California Civil Code Section 1642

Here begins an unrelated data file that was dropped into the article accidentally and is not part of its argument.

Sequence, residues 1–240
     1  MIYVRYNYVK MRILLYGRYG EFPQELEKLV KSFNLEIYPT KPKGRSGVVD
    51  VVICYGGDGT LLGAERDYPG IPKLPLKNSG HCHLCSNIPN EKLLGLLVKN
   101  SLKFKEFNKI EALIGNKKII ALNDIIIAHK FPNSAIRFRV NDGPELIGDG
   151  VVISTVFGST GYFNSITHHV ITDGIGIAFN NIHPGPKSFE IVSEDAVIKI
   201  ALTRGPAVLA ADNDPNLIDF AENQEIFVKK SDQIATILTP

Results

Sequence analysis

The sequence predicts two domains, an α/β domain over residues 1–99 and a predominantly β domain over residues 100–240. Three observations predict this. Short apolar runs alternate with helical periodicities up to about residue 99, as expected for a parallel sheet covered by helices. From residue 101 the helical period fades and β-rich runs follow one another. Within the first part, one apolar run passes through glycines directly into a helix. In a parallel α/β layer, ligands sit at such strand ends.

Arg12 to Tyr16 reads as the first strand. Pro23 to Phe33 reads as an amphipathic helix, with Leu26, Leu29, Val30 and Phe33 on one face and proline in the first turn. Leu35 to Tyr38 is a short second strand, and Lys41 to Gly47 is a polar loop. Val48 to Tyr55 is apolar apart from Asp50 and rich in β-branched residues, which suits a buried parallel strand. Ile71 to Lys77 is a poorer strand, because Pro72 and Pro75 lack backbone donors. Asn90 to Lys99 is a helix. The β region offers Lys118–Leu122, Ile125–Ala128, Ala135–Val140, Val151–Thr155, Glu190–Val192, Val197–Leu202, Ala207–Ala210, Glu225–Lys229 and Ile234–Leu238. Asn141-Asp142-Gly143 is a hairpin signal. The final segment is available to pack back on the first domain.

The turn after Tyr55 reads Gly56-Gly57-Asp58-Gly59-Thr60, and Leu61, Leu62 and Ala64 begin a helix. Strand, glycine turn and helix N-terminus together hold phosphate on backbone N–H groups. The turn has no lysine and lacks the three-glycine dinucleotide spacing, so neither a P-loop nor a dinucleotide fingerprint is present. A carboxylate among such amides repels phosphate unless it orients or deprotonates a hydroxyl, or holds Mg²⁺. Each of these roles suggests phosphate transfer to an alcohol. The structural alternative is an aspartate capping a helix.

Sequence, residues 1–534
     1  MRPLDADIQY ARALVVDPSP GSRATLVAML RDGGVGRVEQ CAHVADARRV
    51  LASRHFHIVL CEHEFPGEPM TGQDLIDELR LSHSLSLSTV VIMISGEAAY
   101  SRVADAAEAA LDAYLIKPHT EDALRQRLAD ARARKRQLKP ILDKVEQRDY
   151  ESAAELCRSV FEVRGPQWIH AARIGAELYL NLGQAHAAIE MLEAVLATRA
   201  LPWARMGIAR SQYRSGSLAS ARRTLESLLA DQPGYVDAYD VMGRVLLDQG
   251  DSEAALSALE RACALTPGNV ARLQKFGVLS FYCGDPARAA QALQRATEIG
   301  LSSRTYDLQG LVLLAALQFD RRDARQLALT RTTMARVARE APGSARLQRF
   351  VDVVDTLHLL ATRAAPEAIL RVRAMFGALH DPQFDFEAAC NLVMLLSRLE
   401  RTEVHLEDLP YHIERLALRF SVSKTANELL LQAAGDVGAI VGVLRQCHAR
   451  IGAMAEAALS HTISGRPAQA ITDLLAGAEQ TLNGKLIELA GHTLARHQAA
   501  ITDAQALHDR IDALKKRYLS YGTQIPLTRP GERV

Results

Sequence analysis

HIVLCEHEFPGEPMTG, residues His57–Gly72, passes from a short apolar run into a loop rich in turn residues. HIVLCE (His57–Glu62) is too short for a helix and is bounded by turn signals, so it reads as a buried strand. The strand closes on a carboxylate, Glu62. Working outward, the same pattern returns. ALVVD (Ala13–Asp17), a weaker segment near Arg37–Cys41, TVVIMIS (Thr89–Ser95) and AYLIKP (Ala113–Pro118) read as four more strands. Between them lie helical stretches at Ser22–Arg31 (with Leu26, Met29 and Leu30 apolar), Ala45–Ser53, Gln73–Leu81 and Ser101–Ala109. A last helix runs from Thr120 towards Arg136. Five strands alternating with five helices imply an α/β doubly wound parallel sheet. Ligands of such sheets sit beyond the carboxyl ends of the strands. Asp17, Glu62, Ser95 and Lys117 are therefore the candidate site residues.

Whether Civil Code section 1642 applies in a particular case is a question of fact for the trial court. (Brookwood v. Bank of America (1996) 45 Cal.App.4th 1667, 1675.) However, the Court reviews de novo a court's decision whether the language of a contract entitles a party to attorney fees. (Exxess Electronixx v. Heger Realty Corp. (1998) 64 Cal.App.4th 698, 705.) Section 1642 of the Civil Code provides: "Several contracts relating to the same matters, between the same parties, and made as parts of substantially one transaction, are to be taken together." "The fundamental goal of contractual interpretation is to give effect to the mutual intention of the parties." (Bank of the West v. Superior Court (1992) 2 Cal.4th 1254, 1264.) The Court held that we give "great weight" to the "contemporaneous construction of the contract by the parties themselves prior to the time controversy over its meaning arose." (Lix v. Edwards (1978) 82 Cal.App.3d 573, 579; see also Civ. Code, 1636 ["A contract must be so interpreted as to give effect to the mutual intention of the parties as it existed at the time of contracting, so far as the same is ascertainable and lawful."]) If the intention of the parties to a contract is "doubtful," the rules governing interpretation of contracts, including Civil Code section 1642, "are to be applied." (See Civ. Code, 1637.)